Waldron, Kim Elizabeth (1998)
M.Med.Sc. thesis, University of Birmingham.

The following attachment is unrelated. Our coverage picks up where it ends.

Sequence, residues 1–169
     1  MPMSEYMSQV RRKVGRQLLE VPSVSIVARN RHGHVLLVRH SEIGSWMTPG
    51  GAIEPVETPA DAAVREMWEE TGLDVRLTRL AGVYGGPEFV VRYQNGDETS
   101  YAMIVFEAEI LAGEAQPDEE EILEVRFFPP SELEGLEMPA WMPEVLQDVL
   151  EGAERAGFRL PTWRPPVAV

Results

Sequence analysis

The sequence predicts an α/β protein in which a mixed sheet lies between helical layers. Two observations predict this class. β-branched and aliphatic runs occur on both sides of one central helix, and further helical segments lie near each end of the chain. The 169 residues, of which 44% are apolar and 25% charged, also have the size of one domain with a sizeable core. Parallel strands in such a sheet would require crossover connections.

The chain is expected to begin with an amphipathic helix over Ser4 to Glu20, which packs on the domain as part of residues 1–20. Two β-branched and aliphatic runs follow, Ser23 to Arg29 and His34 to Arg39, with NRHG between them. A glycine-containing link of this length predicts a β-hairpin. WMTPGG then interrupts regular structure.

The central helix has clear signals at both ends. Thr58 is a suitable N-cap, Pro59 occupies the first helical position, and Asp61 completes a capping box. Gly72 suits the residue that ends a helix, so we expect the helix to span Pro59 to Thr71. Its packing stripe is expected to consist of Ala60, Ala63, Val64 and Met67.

This Study aimed to describe paediatric Accident and Emergency (A&E) care within England and Wales, identify barriers to providing a service which complies with guidelines and to recommend action to improve child centred A&E care within the West Midland’s A&E departments. A questionnaire built upon interview data and previous studies was posted to senior nurses and consultants in the 247 A&E departments in England and Wales. Replies were received from 232 of these departments. A survey of training was incorporated in the main questionnaire and was also sent to every registered nurse working in A&E departments in the West Midlands, 98% of those nurses replied. Face to Face interviews took place with 88% A&E consultants and 70% senior nurses in A&E departments in a West Midlands interview sample. Follow up telephone interviews with every department interviewed were used to check conclusions, confirm earlier data and identify developments in the West Midlands departments. The results describe a comprehensive picture of A&E paediatric services in England and Wales. 72% departments state children are 29% of their attendees, 47% do not have a Registered Sick Children’s Nurse (RSCN) on their staff, and 45% departments are not visited by a paediatric consultant. There is no common system of assessment and prioritisation for children, 52% departments use triage systems for assessment which do not incorporate psycho-social and developmental needs, 41% departments do not keep separate records for paediatric attendees and 24% are unable to identify repeated attendees. A comparison of consultant replies with an earlier study by BPAS in 1985 shows encouraging improvements over ten years, a three fold increase in paediatric waiting room provision, threefold increase in paediatric treatment room provision and a 35% increase in RSCNs in A&E departments, yet there is a significant decrease in the number of departments able to retrieve previous attendance data. Training questionnaire comparison of A&E nurses in the West Midlands with those in the rest of England and Wales shows the West Midlands has significantly lower training in all aspects of paediatric A&E care, for example, Child Protection training is 52% greater outside the West Midlands and 26% A&E nurses in the West Midlands have received Advanced Life Support training as opposed to 68% in the rest of England and Wales. Barriers and Constraints to service provision are identified as: staff recruitment, loss of on-site paediatric support, difficulty in assessment of priority for children in a mixed adult/child workload and the availability of training. West Midlands developments identify an increase in RSCNs in A&E to 42% departments and a decrease of on-site paediatric units. Common issues for all A&E departments were identified as, availability of appropriately trained staff, availability of training for existing staff, no common form of audit and monitoring system and inconsistent communication networks. Recommendations are focused on improving service provision in West Midland A&E departments.
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